A Whole Life

Simple and hypnotic

Simple and hypnotic

There aren’t many books I can read in one sitting, and “A Whole Life” by Robert Seethaler isn’t one of them. It took two sittings. Before I went to sleep and after I woke up. Probably 2 hours in total as it’s not a very long novel, but strangely hypnotic. There isn’t much of a plot – the novel just details the miserable childhood, moderately better coming-of-age, solitary maturity and relatively happy old age of an Austrian mountain man, Andreas Egger, through the twentieth century.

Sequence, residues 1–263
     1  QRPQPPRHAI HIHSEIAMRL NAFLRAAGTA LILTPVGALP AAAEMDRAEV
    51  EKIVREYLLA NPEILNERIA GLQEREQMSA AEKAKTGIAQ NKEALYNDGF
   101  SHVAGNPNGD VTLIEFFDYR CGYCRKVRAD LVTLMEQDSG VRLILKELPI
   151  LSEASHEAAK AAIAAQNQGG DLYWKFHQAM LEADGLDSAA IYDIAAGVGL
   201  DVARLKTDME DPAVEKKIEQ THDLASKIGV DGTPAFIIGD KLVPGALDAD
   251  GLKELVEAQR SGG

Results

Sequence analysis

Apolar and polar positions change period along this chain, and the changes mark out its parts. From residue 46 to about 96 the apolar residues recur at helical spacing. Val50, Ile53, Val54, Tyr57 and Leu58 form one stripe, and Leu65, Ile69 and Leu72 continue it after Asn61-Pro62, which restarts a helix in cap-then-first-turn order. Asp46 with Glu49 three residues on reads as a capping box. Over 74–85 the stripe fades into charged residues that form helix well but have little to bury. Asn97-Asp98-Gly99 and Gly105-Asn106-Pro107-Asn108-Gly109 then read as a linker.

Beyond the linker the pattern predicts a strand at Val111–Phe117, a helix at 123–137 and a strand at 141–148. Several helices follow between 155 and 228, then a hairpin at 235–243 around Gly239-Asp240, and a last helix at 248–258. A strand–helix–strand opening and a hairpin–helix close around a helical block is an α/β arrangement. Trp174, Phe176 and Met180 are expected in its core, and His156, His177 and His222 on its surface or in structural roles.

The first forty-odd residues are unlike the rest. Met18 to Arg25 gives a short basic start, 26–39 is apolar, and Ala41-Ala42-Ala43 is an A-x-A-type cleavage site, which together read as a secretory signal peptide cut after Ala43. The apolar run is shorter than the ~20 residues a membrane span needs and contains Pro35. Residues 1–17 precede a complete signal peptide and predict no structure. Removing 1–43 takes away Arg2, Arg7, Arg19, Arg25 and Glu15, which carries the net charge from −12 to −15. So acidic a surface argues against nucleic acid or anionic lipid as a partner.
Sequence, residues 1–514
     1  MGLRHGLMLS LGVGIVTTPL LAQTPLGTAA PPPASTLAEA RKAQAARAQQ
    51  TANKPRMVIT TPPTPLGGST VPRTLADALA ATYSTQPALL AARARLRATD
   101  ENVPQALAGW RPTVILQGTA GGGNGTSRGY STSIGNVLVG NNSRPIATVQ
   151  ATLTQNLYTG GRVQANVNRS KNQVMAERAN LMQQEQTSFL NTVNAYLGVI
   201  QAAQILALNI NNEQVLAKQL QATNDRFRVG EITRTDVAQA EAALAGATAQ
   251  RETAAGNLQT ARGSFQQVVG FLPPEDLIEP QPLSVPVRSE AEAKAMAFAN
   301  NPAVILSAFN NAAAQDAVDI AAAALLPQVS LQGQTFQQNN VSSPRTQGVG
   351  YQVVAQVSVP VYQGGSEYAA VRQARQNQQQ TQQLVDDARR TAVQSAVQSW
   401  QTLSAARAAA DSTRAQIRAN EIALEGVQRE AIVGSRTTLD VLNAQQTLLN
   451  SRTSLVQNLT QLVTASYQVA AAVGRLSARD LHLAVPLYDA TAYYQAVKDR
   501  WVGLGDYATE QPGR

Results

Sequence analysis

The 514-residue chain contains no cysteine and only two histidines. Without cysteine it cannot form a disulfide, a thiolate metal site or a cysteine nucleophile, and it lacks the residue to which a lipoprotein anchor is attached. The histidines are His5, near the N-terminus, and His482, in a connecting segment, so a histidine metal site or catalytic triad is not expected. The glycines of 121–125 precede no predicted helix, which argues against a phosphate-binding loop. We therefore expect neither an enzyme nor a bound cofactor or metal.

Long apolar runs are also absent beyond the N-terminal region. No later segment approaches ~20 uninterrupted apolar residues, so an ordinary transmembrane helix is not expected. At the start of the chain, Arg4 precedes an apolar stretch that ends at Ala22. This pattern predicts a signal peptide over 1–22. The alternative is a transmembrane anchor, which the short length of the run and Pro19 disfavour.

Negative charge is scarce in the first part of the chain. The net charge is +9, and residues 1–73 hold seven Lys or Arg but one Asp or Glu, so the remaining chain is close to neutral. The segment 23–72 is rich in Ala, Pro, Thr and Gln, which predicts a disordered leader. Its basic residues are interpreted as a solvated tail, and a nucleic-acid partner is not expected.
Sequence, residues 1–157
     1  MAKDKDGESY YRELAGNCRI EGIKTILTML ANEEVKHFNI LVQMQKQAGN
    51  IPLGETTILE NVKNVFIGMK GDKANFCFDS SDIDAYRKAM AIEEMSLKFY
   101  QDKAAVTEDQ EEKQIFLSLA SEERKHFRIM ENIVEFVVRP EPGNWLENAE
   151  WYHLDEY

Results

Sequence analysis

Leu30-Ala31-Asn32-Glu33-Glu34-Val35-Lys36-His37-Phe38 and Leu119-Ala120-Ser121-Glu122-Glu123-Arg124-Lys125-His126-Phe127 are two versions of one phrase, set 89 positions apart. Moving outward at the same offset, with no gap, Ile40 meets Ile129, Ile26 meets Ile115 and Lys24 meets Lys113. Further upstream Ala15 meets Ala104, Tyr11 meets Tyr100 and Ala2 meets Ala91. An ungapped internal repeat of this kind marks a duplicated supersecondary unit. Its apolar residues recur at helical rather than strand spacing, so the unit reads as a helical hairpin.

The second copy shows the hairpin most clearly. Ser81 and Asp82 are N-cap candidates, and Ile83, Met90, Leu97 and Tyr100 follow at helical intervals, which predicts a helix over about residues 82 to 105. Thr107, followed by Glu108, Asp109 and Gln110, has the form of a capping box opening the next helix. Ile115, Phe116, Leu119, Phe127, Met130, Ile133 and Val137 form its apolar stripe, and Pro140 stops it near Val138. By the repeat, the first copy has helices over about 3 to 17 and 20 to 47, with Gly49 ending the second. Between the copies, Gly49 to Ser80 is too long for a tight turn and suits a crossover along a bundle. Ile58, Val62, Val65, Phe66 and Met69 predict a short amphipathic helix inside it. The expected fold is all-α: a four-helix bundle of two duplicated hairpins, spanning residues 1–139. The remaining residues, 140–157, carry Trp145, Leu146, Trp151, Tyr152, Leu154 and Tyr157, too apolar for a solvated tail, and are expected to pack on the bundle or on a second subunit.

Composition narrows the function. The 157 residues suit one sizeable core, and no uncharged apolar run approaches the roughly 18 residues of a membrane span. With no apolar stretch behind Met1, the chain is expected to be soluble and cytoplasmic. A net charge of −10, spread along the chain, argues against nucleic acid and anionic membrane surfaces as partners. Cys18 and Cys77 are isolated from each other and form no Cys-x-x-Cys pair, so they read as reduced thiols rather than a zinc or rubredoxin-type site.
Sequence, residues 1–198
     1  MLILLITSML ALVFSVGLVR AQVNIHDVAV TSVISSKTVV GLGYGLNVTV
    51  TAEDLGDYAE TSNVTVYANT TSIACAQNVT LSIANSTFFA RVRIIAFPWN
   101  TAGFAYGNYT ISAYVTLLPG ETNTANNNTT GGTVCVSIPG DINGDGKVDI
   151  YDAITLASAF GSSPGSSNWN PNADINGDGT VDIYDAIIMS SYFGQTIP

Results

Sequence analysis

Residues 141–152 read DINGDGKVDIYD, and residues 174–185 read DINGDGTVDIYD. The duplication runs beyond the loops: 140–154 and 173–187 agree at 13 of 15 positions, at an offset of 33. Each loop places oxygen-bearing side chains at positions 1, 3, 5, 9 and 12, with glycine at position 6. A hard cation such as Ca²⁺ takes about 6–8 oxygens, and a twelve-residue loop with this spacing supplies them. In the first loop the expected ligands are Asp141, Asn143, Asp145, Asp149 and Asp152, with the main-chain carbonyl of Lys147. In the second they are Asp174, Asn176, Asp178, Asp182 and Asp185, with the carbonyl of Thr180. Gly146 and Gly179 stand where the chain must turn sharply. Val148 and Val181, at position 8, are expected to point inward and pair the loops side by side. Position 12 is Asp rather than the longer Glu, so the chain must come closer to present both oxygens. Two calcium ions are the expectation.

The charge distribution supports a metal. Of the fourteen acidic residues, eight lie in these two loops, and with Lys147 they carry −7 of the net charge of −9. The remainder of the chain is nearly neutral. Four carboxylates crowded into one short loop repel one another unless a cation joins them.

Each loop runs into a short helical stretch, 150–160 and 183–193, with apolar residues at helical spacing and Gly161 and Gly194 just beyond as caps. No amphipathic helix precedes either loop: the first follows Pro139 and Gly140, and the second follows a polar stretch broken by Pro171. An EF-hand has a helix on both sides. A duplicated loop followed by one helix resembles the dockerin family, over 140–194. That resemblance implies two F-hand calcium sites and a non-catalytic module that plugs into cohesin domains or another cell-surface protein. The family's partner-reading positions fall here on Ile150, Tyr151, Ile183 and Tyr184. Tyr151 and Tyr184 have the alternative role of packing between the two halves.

Egger is the definition of phlegmatic. Whatever life throw’s at him, including natural disasters, lost love, the eastern front, and the small-minded Alpine neighbours’ typical Austrian conservatism, he accepts.

Egger does not search for meaning, he just lives, without getting frustrated over events that he cannot control. The important things in his life are his and his alone, like the first time he meets his future wife. He doesn’t look for meaning, he accepts the small victories with gratitude, rather than trying to balance them on some imaginary scales against any amount of suffering or misfortune.

The book has been a best seller in Germany. I naturally read the English translation and to me, it was beautifully done. Highly recommended.

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